Whether or not living with parents
Husband’s education (missing = 1)
College and above
Junior high school
Primary school and below
Husband’s employment status (missing = 2)
Pregnant women’s age
Pregnant women’s education (missing = 1)
College and above
Junior high school
Primary school and below
Pregnant women’s employment status (missing = 2)
Times of previous pregnancies of pregnant women
2 and more
Times of previous giving births of pregnant women
1 and more
Health insurance (missing = 6)
The time to the nearest medical institution by the fastest way available (missing = 2)
≥10 min or more
Per capita income of family
Place of residence
Multivariate analysis of the association between family characteristics and prenatal care
Estimated net effect of family characteristic variables and control variables on the use of prenatal care and postnatal visits (n = 988)
Family characteristic variables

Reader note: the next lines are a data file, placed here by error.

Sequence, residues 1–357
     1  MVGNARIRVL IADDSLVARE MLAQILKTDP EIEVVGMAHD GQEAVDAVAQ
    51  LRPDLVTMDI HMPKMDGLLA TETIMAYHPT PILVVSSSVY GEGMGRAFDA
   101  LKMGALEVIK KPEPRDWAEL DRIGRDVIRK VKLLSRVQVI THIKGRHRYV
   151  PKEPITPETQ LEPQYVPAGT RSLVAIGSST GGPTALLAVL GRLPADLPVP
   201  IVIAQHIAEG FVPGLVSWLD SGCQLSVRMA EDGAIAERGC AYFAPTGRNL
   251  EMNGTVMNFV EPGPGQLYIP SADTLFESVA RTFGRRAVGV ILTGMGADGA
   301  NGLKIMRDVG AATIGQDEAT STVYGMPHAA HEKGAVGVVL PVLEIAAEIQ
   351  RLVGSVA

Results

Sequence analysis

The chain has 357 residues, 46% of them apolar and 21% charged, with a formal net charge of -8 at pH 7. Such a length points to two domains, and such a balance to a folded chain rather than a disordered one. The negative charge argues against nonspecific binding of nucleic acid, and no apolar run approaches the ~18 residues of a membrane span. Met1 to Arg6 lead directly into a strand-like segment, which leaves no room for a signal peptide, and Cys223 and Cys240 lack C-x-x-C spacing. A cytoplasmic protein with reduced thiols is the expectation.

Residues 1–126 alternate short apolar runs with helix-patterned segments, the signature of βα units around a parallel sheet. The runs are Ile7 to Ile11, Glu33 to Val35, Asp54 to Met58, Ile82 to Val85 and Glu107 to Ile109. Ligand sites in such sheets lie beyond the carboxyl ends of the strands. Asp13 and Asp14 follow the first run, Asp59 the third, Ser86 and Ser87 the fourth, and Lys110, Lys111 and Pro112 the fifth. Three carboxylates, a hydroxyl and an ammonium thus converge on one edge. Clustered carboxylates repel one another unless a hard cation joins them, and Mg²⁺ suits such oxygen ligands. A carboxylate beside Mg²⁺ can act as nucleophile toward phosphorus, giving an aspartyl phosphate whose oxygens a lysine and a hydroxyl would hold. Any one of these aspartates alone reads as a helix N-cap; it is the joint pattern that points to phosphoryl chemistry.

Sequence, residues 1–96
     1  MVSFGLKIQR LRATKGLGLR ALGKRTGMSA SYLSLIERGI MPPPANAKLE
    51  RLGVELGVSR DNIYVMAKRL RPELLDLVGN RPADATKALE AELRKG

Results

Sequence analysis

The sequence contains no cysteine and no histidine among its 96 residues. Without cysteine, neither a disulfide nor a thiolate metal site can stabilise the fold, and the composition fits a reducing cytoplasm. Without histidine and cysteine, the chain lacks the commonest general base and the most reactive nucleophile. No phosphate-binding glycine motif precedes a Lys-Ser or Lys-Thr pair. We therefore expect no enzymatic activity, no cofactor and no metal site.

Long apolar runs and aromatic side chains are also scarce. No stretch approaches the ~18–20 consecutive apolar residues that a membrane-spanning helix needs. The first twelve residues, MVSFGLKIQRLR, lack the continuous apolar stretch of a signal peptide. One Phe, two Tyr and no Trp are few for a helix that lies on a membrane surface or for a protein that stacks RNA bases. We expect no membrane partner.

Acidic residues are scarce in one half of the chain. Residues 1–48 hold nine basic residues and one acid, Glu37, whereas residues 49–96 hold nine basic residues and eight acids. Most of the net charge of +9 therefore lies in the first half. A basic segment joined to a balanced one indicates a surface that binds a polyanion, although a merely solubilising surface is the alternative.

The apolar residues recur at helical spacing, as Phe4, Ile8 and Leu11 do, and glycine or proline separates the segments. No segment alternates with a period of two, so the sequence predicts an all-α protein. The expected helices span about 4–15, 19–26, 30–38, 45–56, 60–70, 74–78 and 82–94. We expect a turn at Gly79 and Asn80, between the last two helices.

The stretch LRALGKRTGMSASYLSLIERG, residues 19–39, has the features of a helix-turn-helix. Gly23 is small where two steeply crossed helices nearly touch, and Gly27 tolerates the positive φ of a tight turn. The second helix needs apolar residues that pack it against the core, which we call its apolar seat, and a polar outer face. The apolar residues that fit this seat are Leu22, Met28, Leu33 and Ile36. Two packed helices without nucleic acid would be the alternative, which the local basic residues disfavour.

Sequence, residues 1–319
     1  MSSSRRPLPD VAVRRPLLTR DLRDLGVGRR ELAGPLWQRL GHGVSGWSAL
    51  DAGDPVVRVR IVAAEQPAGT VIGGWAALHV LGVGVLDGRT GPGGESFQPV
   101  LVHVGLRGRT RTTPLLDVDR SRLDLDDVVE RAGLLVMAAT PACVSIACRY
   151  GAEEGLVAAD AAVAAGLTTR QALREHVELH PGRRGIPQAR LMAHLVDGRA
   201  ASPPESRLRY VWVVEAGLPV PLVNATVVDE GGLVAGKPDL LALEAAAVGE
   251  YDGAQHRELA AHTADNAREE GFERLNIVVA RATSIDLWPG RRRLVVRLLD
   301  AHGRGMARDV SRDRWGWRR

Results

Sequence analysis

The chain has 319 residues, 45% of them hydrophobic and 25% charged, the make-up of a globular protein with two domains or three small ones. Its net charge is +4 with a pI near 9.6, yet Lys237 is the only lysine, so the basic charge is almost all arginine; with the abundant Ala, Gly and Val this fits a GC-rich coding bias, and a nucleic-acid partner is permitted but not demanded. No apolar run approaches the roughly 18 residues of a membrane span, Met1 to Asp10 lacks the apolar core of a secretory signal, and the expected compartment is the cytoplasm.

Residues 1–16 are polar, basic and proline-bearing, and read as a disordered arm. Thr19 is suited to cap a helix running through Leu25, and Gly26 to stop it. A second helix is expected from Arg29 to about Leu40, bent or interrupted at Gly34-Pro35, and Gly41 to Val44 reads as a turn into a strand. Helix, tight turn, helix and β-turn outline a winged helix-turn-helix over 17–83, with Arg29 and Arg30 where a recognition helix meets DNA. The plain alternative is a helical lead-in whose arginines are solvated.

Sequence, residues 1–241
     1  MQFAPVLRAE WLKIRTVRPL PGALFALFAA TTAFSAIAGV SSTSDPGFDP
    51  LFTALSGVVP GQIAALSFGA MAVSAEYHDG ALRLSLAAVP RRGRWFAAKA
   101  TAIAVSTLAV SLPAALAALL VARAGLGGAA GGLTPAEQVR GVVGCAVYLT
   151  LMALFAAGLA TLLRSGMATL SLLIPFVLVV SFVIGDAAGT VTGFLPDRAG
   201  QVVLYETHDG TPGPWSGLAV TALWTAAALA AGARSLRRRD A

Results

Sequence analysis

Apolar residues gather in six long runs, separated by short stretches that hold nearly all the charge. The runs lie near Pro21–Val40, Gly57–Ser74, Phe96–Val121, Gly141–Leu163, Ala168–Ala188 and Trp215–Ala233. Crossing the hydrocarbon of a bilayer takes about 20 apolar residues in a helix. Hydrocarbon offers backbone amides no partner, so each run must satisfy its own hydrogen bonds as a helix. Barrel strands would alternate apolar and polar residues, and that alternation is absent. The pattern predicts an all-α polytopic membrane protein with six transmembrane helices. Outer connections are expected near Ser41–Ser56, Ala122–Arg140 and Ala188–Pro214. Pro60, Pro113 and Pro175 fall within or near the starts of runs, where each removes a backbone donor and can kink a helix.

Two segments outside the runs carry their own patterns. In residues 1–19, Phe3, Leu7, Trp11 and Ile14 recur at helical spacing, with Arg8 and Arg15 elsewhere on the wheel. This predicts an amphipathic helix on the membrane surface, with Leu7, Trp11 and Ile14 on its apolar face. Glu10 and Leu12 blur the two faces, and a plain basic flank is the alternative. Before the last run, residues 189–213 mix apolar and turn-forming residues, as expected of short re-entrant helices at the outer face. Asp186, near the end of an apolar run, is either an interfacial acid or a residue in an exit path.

Whether or not living with parents (ref = No)
Husband’s age (ref = 18–29 year-old)
Husband’s education (ref = primary school and below)
College and above
Junior high school
Husband’s employment status (ref = No)
Per capita income of family (ref = Bad)
Pregnant women’s age (ref = 18–24 year-old)
Pregnant women’s education (ref = primary school and below)
College and above
Junior high school
Pregnant women’s employment status (ref = No)
Times of previous pregnancies of pregnant women (ref = 0)
2 and more
Times of previous giving births of pregnant women (ref = 0)
1 and more
Health insurance (ref = No)
The time to the nearest medical institution by the fastest way available (ref = <10 min)
≥10 min or more
Place of residence (ref = Urban)
Multivariate analysis of the association between family characteristics and postnatal visits
Postnatal visits were associated with the family characteristic variables (Table 2), but there are some differences compared with prenatal care use. Model 1 shows that only the husband’s education was related to the use of postnatal visits. Furthermore, women whose husbands had a higher education level, specifically college and above, were more likely to report postnatal visits compared to those whose husbands had a primary school education or lower (OR 2.55, 95 % CI 1.33–4.89). With the addition of demographic factors and previous reproductive history, model 2 showed that husband’s age and education have significant effects on postnatal visits. Finally, only husband’s age remained significant, showing a negative effect with the addition of social and environmental variables in model 3 (OR 0.53, 95 % CI 0.31–0.92).